Saturday, January 1, 2011

Lambert & Huppert in "White Material"

"There can be only one..."

...01 / 01 / 11
How about that funky date today? Happy New Year.

The New Year couldn't come soon enough because I was informed yesterday that this blog had run out of storage space! The renovated site should be up in the next 36 hours to rescue us. I'll let you know.

Today's very special once in a hundred years date reminded me oof Highlander's Christopher Lambert.  On account of all the #1s.
"There can be only one!"
I assume this mnemonic moment was brought to me by Claire Denis's White Material which I was just watching the other day (in theaters and on IFC on demand) in which he plays Isabelle Huppert's ex-husband who -- I'm not sure if I got the details right because Denis always makes you work for them -- still lives on the African coffee plantation with her (and his new wife and his two wildly contrasted sons from both marriages).

It's crazy enough to live with your ex. When your ex is Isabelle Huppert (she's always trouble) and you're running a plantation in a region that's slipping into violent chaos and the French military are helicoptering out and dropping you survival kits on their way, you are totally off your gourd. Everyone in this movie is insane. But Huppert is contagious like that.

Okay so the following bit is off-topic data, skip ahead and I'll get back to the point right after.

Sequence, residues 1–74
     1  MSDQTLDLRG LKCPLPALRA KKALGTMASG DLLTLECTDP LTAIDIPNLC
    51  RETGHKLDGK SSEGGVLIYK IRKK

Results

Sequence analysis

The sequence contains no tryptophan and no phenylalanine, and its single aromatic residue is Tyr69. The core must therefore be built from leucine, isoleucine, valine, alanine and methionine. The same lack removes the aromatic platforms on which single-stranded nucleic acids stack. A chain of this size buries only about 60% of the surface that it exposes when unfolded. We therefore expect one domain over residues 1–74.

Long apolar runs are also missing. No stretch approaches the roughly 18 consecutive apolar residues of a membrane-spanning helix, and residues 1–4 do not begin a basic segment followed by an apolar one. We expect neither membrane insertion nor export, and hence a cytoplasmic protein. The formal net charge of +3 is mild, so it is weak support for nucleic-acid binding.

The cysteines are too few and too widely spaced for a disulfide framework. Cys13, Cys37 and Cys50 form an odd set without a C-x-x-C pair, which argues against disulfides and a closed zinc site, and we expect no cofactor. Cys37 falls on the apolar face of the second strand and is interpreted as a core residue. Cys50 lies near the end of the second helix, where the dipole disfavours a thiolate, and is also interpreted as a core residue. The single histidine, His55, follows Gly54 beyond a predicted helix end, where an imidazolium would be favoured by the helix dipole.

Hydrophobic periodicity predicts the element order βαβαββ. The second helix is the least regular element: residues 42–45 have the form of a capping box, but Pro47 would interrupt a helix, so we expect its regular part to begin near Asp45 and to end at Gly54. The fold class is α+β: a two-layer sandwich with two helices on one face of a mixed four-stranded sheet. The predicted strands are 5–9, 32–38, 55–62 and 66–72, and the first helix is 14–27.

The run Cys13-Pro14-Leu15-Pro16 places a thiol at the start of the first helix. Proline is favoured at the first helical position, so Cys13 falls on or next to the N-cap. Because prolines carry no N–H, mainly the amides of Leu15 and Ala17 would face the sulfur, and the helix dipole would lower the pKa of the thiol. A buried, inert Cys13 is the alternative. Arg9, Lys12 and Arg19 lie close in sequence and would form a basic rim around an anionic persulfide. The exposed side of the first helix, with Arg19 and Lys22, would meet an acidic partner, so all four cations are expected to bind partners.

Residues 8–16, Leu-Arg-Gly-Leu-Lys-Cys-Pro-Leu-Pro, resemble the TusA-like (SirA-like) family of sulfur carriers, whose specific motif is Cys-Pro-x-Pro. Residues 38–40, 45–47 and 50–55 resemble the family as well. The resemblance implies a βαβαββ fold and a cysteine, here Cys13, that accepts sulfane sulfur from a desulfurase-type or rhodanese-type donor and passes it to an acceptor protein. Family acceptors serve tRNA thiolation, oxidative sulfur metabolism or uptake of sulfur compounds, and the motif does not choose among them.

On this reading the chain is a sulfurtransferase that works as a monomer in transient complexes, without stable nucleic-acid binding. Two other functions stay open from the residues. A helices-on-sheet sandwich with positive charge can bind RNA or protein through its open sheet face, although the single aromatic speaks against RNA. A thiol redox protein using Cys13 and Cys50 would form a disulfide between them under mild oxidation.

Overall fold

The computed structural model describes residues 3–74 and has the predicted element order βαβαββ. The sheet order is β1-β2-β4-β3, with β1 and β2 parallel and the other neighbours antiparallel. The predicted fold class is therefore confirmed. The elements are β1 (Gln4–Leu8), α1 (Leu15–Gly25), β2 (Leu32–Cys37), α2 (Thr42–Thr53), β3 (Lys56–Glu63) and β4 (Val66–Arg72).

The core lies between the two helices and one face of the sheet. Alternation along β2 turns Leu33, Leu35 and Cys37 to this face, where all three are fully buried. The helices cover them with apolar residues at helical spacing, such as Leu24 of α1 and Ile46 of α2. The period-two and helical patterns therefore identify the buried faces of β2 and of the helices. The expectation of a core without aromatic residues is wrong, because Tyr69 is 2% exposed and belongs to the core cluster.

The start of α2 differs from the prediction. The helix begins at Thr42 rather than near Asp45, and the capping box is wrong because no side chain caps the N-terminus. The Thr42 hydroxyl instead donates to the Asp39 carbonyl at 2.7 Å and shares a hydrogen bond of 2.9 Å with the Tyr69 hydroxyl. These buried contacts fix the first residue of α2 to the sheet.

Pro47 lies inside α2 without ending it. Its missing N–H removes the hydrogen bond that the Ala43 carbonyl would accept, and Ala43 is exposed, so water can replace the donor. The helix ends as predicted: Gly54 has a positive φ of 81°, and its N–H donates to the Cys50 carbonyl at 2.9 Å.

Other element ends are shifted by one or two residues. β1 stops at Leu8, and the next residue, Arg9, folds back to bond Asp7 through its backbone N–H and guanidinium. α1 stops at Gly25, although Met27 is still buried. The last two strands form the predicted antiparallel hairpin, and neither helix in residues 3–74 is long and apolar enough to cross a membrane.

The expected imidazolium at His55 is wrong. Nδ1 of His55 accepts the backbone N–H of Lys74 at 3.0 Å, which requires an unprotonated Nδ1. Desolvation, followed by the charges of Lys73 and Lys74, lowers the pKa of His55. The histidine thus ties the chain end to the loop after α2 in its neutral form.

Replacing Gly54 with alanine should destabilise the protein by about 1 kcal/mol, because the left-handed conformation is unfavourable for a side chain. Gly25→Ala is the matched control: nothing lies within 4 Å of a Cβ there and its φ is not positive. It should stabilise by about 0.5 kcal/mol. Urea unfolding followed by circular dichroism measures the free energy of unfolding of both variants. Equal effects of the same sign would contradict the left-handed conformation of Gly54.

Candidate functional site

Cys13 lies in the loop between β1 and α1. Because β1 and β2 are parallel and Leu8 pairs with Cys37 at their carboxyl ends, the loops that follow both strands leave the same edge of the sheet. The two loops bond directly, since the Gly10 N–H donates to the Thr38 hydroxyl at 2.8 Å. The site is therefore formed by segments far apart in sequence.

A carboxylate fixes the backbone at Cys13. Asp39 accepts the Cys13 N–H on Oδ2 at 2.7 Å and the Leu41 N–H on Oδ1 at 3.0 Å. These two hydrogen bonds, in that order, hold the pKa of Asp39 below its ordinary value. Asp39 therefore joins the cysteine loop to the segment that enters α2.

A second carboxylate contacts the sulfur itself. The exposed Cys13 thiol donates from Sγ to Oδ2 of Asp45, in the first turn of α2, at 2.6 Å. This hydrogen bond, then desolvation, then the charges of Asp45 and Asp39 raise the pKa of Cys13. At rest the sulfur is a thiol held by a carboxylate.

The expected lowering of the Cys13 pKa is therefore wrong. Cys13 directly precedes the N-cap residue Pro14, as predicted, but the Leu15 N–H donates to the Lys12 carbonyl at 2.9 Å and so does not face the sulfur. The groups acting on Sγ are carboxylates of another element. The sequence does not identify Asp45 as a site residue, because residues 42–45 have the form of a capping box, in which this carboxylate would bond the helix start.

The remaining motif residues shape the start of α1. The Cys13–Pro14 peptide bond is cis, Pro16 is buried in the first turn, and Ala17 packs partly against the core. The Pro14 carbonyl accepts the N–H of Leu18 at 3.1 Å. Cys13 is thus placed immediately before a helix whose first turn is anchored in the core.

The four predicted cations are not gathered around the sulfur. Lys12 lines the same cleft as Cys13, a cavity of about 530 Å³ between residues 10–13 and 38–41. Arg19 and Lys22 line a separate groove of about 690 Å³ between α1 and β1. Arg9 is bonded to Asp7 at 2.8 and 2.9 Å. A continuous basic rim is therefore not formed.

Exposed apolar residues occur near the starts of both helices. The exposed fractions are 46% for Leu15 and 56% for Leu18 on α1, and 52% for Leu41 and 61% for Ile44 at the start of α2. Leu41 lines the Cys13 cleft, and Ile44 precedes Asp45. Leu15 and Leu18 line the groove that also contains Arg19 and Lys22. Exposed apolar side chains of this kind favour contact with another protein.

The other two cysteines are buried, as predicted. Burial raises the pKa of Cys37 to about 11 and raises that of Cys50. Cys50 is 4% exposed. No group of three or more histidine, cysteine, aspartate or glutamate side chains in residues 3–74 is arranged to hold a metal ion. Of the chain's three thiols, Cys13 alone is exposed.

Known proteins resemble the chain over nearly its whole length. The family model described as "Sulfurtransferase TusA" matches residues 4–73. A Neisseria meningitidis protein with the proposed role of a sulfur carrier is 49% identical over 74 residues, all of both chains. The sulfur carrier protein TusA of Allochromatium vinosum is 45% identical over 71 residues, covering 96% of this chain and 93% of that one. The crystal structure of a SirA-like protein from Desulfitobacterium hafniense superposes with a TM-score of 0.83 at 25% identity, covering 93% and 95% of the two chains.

Lambert's presence is an extremely clever bit of casting since the international star already famously embodied everyone's favorite white-man-rules-Africa imperialist fantasy in Greystoke: The Legend of Tarzan Lord of the Apes. In White Material there is no fantasy unless you count the delirium one can sometimes experience when faced with Huppert's riveting confrontational opacity. You'd expect, given the plot, that her plantation owner Maria is a stubborn delusional but Huppert tilts her closer to the implacably deterministic. She isn't flaunting a death wish so much as a death expectation. Rebel forces and their child soldiers have had it with this "white material" on their land but Maria is staying put.  Disturbing movie.

"Manuel" (Nicholas Duvauchelle). Does he get his death wish from his mother?

I can't say I fully connected but I always love Denis's reliable command of atmosphere and I appreciated what Guy Lodge correctly described as "laudably complicated politics". I'm desperately awaiting Nick's full review because his twitter capsule
Agonized and fearless, eerily sympathetic, formally electric, like the last visions of someone being burned alive
...makes me love the movie more in retrospect than when I was watching it. That happens sometimes with the best of film criticism.

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